In Rodger Hungerford's 1971 book Guide to Trout
Angling there is quite a bit about the Bloody
Mary and how to fish it. I quote:
"Thoughtful and enthusiastic fly dressers are
always creating new flies; their imagination
seems limitless. Most of their productions,
however, are really little or no better than
existing ones and more often than not new words
to the same music.
In the 1978 book by Max Stokes, Tasmanian Trout
Fly Patterns, there a fly called a 'Mary' and
another called a 'Bloody Mary,' both Max Christensen
patterns. The only difference is, the 'Bloody Mary' is
tied with silver wire and poor quality hackles, whereas
the 'Mary', has gold wire and quality hackles with
fibres about 1/2" long.
But every so often a real gem comes to light, a
fly that either answers some long-standing need,
or, by virtue of its success just as a nondescript,
is a combination of definite value to the sport - one
that will leave its mark permanently.
Without question Bloody Mary is such a fly.
Created in 1956 by Max Christensen of Longford, in
Tasmania, whose other originals include Senator's
Choice, Macquarie Red, Yeti, Miss Tasmania and Micky
Finn. Bloody Mary was first made available for sale
under the simple name Mary. Anglers were quick to
add the colourful adjectives, because of its red
tail and body tinsel. The title Bloody Mary has
now become common, although some of its more staid
users shorten it to just plain Mary.
Neither its design nor its name has anything to do
with the salmon flies known as Hairy Mary or Bloody
Mary. This is pure coincidence.
The tie for this fly is simple enough, but considerable
care is needed in the selection of suitable hackles,
on which so much depends for success. In actual fact,
Bloody Mary can neither be made nor fished correctly
without the right hackles.
Here is the tie:
Hook: no. 6, 8 or 10 down eye – preferably round bend.
Proportion is particularly important. Size 8 is the
most popular, but I always have one or two other
larger and smaller ones with me; especially the former.
Tail: Tomato-red silk, or nylon.
Body: Orange-red "Lurex" (untarnishable tinsel).
Rib: Fine gold wire.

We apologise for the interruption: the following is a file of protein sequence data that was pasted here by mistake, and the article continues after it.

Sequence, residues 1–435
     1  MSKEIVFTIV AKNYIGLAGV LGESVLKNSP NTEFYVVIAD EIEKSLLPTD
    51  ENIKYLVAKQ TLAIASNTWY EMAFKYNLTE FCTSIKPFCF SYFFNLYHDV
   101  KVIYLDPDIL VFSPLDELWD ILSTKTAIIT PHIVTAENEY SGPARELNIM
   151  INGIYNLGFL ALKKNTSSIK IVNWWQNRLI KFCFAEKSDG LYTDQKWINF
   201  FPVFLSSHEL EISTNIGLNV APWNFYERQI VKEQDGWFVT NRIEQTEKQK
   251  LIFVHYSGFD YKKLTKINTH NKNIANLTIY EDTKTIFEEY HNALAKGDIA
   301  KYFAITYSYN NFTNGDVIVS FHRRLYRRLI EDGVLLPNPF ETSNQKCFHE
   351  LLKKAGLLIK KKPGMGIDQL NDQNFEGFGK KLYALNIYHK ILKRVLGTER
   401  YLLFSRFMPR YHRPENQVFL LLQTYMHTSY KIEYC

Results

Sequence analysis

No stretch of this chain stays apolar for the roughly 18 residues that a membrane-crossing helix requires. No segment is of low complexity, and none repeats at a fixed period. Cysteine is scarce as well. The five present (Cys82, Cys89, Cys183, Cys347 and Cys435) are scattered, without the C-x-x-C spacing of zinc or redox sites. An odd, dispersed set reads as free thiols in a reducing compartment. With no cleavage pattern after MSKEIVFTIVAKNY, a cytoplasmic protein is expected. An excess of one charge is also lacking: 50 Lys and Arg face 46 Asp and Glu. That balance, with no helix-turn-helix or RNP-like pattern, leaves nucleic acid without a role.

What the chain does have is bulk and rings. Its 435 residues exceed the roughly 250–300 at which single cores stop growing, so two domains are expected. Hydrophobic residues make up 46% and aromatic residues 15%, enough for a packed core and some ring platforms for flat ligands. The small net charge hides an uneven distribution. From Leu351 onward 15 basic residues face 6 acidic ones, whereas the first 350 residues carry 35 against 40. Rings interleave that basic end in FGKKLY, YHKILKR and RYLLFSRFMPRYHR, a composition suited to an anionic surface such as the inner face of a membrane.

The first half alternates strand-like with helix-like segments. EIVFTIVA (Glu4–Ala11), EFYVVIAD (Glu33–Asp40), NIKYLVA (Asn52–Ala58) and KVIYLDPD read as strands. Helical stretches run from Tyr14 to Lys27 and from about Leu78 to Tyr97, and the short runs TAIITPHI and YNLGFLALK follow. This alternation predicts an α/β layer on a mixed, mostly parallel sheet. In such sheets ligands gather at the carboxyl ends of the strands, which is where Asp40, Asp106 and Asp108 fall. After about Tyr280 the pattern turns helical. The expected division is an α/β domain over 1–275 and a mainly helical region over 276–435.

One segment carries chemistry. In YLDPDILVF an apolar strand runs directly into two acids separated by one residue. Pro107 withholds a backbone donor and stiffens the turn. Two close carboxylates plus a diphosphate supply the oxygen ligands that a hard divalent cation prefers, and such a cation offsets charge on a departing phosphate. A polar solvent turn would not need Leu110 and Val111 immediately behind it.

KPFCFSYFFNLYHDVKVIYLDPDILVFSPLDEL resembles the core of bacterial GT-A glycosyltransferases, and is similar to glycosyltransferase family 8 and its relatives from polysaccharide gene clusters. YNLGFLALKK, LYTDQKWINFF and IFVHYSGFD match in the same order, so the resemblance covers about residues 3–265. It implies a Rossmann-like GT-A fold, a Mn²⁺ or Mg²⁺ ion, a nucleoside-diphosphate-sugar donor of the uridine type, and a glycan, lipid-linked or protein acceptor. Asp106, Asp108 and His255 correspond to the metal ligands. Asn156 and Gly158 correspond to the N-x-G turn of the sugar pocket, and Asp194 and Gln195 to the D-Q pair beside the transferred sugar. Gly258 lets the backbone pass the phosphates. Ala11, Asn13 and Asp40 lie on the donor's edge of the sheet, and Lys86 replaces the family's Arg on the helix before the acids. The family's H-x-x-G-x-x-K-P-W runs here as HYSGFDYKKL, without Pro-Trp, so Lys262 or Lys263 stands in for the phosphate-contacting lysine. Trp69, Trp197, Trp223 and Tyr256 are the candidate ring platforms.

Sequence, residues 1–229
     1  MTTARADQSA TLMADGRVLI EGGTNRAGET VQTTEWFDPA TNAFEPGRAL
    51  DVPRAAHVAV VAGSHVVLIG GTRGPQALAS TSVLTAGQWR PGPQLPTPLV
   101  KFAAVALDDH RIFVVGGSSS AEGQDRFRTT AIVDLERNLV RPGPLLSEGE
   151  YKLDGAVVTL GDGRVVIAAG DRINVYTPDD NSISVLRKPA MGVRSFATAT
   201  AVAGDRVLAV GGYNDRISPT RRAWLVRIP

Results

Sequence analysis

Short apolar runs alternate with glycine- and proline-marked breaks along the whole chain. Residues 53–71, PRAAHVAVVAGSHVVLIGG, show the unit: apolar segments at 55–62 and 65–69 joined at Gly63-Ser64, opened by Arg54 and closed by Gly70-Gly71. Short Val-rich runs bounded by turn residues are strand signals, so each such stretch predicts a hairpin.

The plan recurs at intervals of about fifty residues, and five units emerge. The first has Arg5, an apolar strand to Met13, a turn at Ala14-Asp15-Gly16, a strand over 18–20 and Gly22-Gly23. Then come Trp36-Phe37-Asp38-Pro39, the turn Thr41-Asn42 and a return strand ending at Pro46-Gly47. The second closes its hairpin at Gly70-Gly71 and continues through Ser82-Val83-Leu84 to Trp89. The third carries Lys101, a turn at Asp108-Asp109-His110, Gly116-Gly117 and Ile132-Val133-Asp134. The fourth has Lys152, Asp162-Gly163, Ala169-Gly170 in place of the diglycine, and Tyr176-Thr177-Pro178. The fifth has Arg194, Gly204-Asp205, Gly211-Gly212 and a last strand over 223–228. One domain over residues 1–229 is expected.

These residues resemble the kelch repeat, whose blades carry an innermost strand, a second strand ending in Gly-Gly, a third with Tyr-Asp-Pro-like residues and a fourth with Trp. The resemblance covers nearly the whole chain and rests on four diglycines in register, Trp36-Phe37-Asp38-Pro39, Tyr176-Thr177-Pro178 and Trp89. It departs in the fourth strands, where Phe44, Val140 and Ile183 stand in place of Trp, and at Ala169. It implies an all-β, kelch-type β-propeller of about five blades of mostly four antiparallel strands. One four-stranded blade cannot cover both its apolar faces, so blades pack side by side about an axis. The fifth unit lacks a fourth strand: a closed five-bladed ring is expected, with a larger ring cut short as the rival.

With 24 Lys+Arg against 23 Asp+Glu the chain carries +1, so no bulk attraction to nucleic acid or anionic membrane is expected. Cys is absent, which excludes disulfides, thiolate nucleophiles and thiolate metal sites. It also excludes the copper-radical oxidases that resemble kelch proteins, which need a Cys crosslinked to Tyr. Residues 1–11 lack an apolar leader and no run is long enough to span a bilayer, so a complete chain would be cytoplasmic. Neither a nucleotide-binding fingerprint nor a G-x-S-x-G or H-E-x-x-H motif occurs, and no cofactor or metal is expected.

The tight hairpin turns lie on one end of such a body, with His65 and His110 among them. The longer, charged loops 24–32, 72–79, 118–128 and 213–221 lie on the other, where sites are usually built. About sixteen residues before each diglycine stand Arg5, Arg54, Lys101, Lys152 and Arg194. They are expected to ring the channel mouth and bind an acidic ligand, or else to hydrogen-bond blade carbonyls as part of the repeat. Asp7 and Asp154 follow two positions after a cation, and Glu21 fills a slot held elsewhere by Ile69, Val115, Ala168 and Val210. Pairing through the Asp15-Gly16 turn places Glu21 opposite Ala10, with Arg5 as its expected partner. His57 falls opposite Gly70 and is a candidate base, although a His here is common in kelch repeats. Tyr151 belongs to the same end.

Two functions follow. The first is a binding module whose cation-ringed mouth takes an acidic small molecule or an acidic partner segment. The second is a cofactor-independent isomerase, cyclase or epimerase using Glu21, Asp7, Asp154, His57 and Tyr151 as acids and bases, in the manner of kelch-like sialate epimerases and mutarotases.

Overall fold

Hackle: Soft black cock, preferably game.
The purpose of the ribbing of gold wire is solely
for durability. Without it, the tinsel soon becomes
broken by the trouts' teeth.
The hackles are doubled; that is, they are folded
before tying in so that all the fibres are on the
same side of the stem. As the hackle is wound on,
palmer fashion, the fibres are pulled toward the
rear to make them lie back.
The head is built up with tying silk and varnished.
Max Christensen's thoughts were first stirred when
he considered the larval and adult stages of large
stone flies and wondered how best to imitate them.
Bloody Mary is the result of much subsequent trial,
error, and careful experimentation. I have no doubt
that, in addition to achieving this aim, Max has
accidentally evolved a most remarkable general-purpose
fly which, so far as I can see, will work successfully
at any time, so long as it is fished correctly.
Support for this rather sweeping statement is found
in the fact that when I first introduced Bloody Mary
to the trout in the Snowy Mountains area of New South
Wales their reaction was not far short of ecstatic.
Together with Fred Stewart, past president of the
Victorian Fly Fishers' Association, I fished Bloody
Mary on and off for more than a week in both rivers
and lakes and took trout wherever I went. Fred's
enthusiasm can be judged when I tell you that no
less than two dozen newly-made Mary's were dispatched
to him on my return to Tasmania.
The very first morning when Fred guided me to a small
bay on Lake Eucumbene, where several decent looking
browns were working along the shore, it was Bloody
Mary that did battle. Fred, as yet unaware of the
fly's prowess, was soon to find out.
A small weedy trickle ran into the bay from the nearby
hills. At its mouth a shallow pool some ten yards wide
had been formed, itself weedy in parts but clear in the
centre. In this pool an active trout worked eagerly,
rummaging in turn round each little corner, fins or
tail momentarily visible – sometimes even the whole
back – as he sought out nymphs and such like.